When the Buddha saw that he should eat food instead of following an ascetic practice he let go of an ego driven opinion, and having done so saw what was really there – his body was so deteriorated that he didn’t have the mental faculties to practice properly. When he saw that he should try a meditation practice that created pleasant feelings, but that this practice would allow him to understand his questions about suffering better, he let go of an ego driven opinion that all pleasant states were unwholesome and unskilful.

So when we can understand which of our actions are being driven by a sense of self, then we have the opportunity to let them go, to put them down, and to relate to the experience differently. This is what allows us to get it just right. If your mind is in the right place then there is no suffering regardless of the extremity of the practice, and likewise there is no suffering from being in extremes of comfort either.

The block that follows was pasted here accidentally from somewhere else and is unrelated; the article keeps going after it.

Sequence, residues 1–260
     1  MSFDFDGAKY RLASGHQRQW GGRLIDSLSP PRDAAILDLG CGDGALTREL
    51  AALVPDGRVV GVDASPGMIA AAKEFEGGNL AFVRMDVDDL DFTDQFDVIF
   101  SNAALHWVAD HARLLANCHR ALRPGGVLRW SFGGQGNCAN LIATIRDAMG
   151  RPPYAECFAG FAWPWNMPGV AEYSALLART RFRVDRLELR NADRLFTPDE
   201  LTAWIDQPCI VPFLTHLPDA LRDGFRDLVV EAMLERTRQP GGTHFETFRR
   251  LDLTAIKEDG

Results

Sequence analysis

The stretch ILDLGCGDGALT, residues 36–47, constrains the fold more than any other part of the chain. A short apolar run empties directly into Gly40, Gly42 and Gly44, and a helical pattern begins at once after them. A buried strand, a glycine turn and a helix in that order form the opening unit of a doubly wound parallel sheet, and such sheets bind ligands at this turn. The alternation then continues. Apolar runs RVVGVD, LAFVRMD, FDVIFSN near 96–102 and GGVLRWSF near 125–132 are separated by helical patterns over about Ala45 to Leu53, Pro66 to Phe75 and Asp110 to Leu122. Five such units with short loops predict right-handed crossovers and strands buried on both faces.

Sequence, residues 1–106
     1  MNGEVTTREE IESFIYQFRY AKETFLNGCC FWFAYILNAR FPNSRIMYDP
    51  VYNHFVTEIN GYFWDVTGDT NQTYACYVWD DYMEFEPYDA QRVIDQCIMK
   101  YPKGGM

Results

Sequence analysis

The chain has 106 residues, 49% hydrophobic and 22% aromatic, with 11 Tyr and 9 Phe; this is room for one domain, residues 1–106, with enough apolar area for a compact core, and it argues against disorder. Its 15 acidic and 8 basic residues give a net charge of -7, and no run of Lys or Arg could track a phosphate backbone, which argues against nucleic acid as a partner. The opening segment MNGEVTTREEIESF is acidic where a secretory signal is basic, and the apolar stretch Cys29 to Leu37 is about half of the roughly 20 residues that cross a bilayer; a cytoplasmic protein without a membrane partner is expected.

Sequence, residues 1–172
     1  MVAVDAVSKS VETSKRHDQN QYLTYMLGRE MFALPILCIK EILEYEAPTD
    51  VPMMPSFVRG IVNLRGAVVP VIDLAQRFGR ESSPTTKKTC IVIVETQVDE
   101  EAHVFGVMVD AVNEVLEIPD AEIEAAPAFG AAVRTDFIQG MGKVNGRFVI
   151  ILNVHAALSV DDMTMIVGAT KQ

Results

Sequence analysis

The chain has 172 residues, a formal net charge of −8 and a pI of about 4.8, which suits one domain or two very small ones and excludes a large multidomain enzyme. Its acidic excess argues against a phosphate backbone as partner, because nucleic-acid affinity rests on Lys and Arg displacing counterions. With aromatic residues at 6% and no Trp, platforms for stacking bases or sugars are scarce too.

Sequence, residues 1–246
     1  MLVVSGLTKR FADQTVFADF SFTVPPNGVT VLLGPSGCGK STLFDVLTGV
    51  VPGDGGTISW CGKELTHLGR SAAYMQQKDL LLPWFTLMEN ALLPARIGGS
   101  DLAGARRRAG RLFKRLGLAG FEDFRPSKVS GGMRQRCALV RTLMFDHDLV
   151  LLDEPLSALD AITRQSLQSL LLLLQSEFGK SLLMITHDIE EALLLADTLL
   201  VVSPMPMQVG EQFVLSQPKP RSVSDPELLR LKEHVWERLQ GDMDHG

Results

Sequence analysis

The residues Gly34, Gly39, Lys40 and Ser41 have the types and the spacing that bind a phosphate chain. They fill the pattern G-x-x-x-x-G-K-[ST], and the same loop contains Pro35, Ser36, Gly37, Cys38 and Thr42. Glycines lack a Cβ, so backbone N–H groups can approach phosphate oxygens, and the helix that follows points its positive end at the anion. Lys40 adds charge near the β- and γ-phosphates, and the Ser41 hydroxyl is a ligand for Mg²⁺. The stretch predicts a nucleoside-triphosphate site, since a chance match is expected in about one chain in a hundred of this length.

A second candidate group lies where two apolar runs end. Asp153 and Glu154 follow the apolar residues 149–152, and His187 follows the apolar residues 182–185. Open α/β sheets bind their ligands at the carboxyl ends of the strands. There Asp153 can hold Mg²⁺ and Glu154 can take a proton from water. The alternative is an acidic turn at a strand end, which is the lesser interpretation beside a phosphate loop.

That might sound like a strange thing to say, but comfort creates just as much suffering as hardship, we just don’t notice it so easily. When you have everything just the way you want it then suffering is inevitable, because at some point that has to end. Having tasted the sweetest of fruits you then hanker after it forever, and feel constantly at a loss when you don’t have it.

Comfort creates suffering because it makes you reliant on it for your mental and physical well being. As soon as you don’t have it, you suffer. Just look how difficult lockdown has been for some people, their lives were so sweet and comfortable that they have suffered enormously while it has been taken away from them.